A new study reveals how eating less sodium can affect heart failure survival. Here’s how to prepare with a low-sodium diet.
- Heart failure is now a global epidemic affecting millions of people
- A low-sodium diet can reduce heart failure symptoms and improve patients’ quality of life
- However, a low-sodium diet may not reduce hospitalizations
- Low-sodium diets may involve cutting out sodium and replacing it with herbs and spices to enhance flavor
The Heart Failure Society of America (HFSA) estimates that almost 6.5 million Americans older than 20 have heart failure, with one study estimating that 960,000 people develop the issue every year. Heart failure is one of the many potentially fatal results of heart disease.
Heart disease has in turn been directly linked to hypertension (high blood pressure) which can be caused by consuming too much sodium. Recently published research into the cardiovascular effects of sodium yielded some positive results around eating a low-sodium diet on heart failure. Read on to learn more about it and how you can put a low-sodium diet into practice.
How a lower sodium diet can improve heart failure outcomes
The basic theory behind a low-sodium diet being beneficial for heart failure patients lies in fluid levels. The balance of sodium and fluid in the body can be negatively offset when excess sodium is consumed because the body then produces more fluid to help flush the sodium out. That excess fluid then becomes a cardiovascular health risk.
The less sodium a person consumes, the less fluid their bodies will retain in an effort to maintain balance, thus reducing the chances of heart failure. An international study into dietary intervention and lower sodium intake was published in April 2022 in The Lancet.
The study involved 800 participants from six countries. It examined how patients 18 years and older who were being medically treated for chronic heart failure responded to a low-sodium diet of under 1500 mg a day. To put that into perspective, that is less than half the daily average of sodium being consumed by Americans two years and older, which is more than 3400 mg.
Two positive results came to light: Quality of life improved for participants consuming less sodium along, and there was improvement in each patient’s New York Heart Association (NYHA) scale classification, which has four levels. The study did not, however, reveal any benefits of a low-sodium diet in terms of reducing heart-failure-related deaths, emergency room visits, or hospitalizations.
Why more trials are necessary
The study had several key limitations. For example, it was restricted to a one-year follow -up on patients, which led the study’s author to suggest a low-sodium diet may have measurably more positive effects beyond a 12-month period.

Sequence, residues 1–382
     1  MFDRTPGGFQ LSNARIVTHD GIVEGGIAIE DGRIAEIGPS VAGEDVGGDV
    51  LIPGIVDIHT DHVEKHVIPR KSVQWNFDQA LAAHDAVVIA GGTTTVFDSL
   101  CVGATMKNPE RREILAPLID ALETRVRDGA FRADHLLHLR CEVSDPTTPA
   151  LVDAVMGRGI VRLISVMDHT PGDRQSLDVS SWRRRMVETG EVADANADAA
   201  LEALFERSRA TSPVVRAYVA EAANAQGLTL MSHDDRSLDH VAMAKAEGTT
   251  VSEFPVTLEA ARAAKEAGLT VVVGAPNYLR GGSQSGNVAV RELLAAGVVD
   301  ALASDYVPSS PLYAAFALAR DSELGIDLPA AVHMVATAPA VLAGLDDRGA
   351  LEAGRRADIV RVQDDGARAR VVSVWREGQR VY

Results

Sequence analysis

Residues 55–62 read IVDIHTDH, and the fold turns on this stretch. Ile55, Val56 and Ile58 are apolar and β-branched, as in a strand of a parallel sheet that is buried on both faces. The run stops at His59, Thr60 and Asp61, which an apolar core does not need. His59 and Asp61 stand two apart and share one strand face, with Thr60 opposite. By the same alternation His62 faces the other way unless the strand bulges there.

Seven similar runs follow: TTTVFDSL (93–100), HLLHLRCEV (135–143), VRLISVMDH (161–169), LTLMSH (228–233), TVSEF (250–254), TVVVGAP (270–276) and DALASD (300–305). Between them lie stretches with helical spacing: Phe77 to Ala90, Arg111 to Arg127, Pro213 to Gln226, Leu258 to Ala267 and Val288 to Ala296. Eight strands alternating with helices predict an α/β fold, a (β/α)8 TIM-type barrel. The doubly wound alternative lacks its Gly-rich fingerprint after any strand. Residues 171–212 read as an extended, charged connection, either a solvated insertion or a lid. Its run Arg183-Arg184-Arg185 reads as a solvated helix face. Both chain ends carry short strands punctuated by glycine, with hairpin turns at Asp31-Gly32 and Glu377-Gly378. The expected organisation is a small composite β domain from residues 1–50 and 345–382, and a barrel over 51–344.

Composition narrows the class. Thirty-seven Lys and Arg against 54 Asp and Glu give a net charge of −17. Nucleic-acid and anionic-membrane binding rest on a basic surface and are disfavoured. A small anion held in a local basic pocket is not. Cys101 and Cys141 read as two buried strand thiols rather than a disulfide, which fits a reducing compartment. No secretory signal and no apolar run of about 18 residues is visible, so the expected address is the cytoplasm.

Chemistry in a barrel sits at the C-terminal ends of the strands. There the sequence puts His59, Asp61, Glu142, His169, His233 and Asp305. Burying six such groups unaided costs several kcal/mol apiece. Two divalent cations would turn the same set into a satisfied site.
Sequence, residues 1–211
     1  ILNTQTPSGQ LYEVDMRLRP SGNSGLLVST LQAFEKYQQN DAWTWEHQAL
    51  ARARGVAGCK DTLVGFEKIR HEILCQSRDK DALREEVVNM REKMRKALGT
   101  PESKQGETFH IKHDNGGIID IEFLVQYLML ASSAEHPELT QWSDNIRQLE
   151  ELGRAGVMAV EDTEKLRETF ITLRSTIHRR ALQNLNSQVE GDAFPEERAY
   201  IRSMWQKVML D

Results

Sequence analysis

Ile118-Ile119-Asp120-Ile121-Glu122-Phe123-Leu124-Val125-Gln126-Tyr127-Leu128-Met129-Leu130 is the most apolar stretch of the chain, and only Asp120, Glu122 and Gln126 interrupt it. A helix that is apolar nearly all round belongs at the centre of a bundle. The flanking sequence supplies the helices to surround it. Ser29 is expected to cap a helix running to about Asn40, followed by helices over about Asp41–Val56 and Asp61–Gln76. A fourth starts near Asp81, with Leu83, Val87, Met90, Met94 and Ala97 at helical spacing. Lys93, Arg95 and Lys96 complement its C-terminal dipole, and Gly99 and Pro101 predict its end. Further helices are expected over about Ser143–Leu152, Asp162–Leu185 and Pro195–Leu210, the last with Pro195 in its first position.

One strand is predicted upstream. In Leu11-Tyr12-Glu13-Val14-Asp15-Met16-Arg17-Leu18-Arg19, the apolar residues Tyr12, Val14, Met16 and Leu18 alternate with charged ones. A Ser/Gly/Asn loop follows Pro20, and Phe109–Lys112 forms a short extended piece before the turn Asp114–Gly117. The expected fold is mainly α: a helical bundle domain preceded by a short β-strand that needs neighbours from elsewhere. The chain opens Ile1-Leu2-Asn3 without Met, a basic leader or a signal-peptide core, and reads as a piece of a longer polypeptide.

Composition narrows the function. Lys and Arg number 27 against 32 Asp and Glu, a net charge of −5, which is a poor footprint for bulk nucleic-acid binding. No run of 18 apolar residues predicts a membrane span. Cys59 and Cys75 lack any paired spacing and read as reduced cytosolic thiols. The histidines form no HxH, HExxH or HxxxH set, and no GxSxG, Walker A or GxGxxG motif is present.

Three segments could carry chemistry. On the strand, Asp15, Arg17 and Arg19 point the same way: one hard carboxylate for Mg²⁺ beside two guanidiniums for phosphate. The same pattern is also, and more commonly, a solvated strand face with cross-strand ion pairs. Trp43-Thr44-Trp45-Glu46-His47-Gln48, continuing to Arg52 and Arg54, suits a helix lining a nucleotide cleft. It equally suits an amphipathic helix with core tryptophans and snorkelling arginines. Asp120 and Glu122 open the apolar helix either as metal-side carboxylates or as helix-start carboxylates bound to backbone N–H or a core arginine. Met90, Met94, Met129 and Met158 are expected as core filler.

Other respected sources, like the Cleveland Clinic, believe that a low-sodium diet is not only recommended but needed to help control the symptoms of heart failure and help avoid other cardiovascular problems. The Clinic also offers practical advice on low sodium ingredients, portion control, and meal-by-meal recipes.
There’s a lot that patients and the wider public can do for their diet to improve cardiovascular health while medical research into the low-sodium diet/heart failure relationship is ongoing. Here are some more suggestions to build on current findings and recommendations.
Your guide to preparing a low-sodium diet
Less sodium in your life doesn’t have to mean a bland and unsatisfying menu. There is a world of colorful, flavorful menu options out there. We’ve assembled this list of suggestions that could help reduce your risk of heart disease and heart failure:
- Try the DASH Diet
Dietary Approaches to Stop Hypertension (DASH, for short) is strongly supported by health experts as an effective method of lowering systolic and diastolic blood pressure. Sodium, red meats, and sugar are reduced in favor of fruits, vegetables, grains, and more foods that combat heart disease and hypertension.
Read our previous blog for the full picture of DASH and consider trying the many herbs and spices that can flavor food more healthily than adding salt, such as ginger, black pepper, and cinnamon.
- Supervise your snacks
It’s too easy to give in to convenience and grab any snack off the shelf when you’re in a hurry. These little nutritional pitstops can add up for good or bad depending on their sodium content. We spotlighted the best low-sodium snacks for 2022 in a previous blog, including chips and nuts, while also listing the top three rules for successfully choosing your next heart-healthy nibble.
- Understand the basic science of sodium
Did you know your body can function optimally with only one-sixth of a teaspoon of salt a day? That’s just half a gram equating to 500 mg of sodium – much better than the 3400 mg consumed daily by the average American.
Sodium has a valuable part to play in our health and food production. Knowing where that place is helps consumers and patients keep heart disease at bay. Learn more about the roles and risks of sodium in food and you’ll make smarter, safer dietary choices.
It’s vitally important to consult a medical professional before taking any steps to alter the amount of sodium in your diet. This is a factor that must be diligently controlled under expert supervision. Previous studies highlighted in 2017 by the American Heart Association (AHA) generated data that links consuming too little sodium to the production of heart-harming hormones and negative nervous system responses.
These excessively low-sodium effects can cause the same health issues that develop or are exacerbated by consuming too much – namely stroke, heart attack, and death. Moderation, medical advice, and making sodium education part of your routine are three ways to ensure you’re doing everything possible for your cardiovascular health.
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